It’s sometimes said that a zoom lens is like having a bag of primes in one lens. It’s a nice sentiment, and can be accurate in some situations, especially with mid-range telephoto zoom lenses like the high-end 70-200mm f/2.8 lenses that each manufacturer makes. However, ultra-wide zoom lenses have always had some level of compromise when compared with the very best prime lenses, and this has especially been true of those that push the envelope beyond 16mm. However, the Sigma 14-24mm f/2.8 DG DN is the first ultra-wide zoom lens I’ve used that is truly like a bag of the very best wide-angle prime lenses throughout the focal range.
I’ve been shooting with the Sigma 14-24mm for about three weeks now, and one word continually escapes my lips when looking at the images after offloading my memory card. “Wow.” I honestly have lost track of how many times “Wow!” has escaped my lips when reviewing images from this lens. I’m shooting on the A7R IV, a camera that pushes glass to its limits with its 60 megapixel resolution, and the 14-24mm is capable of producing sharp images to the very extreme corners, at all focal lengths in the zoom range.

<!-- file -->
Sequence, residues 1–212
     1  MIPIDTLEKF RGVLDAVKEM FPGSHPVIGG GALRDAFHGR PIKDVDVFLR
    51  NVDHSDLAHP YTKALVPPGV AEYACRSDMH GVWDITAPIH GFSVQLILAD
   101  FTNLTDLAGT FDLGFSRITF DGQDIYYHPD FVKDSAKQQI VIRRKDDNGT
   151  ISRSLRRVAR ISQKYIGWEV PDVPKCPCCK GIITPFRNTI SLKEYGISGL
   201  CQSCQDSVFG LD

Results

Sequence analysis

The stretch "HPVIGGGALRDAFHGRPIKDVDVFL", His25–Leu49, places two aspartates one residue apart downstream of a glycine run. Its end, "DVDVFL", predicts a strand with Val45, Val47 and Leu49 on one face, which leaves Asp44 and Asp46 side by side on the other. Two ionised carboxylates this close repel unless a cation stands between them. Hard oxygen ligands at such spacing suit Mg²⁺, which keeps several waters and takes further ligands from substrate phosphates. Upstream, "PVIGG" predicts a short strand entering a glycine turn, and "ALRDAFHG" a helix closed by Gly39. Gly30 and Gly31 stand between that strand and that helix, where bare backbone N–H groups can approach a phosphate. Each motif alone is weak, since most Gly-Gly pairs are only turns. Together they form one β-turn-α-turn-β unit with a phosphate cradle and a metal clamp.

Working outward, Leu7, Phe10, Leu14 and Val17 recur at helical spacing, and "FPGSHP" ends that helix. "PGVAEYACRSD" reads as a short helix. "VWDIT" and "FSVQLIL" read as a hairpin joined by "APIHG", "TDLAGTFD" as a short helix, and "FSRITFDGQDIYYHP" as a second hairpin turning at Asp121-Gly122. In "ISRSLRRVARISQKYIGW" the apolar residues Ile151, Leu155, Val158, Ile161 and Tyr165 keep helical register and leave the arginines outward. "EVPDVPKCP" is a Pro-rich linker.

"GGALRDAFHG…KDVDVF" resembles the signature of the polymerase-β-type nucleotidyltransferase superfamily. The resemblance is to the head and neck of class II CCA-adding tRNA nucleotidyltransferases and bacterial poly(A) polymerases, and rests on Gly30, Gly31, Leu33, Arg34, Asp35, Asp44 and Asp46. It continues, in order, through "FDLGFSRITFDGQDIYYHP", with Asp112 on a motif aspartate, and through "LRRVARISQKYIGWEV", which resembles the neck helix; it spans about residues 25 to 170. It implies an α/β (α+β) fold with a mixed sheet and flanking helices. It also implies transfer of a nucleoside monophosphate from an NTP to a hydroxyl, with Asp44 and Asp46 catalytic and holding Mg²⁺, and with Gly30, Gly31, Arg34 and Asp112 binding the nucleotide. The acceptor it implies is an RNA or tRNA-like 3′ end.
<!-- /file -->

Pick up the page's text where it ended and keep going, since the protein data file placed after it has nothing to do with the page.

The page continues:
Starting right from f/2.8, the lens is sharp over 90% of the frame, with only the very last part of the image softening slightly. Stop down just a stop or two and the lens sharpens to become extremely impressive into the very corners. While some of the very best primes can match the Sigma in the 18-24mm range, I don’t know if I’ve seen any lens resolve like the 14-24mm does between 14mm and 18mm.
Here are two examples at 14mm, though the lens is truly outstanding throughout the range. The first shot is at 14mm, f/10 with a circular polarizer and 1.3 second exposure:
And a 100% crop from the extreme upper right corner:
That kind of corner resolution would be impressive on a lens of any focal length, though not unprecedented for top-notch glass. But for 14mm? That’s simply remarkable. Another example shows how good it still does even wide open. The (rather mundane) image below was taken at 14mm at f/2.8, at a fairly close focus distance (where the lens isn’t quite as good as it is at further distances….but still very, very good.)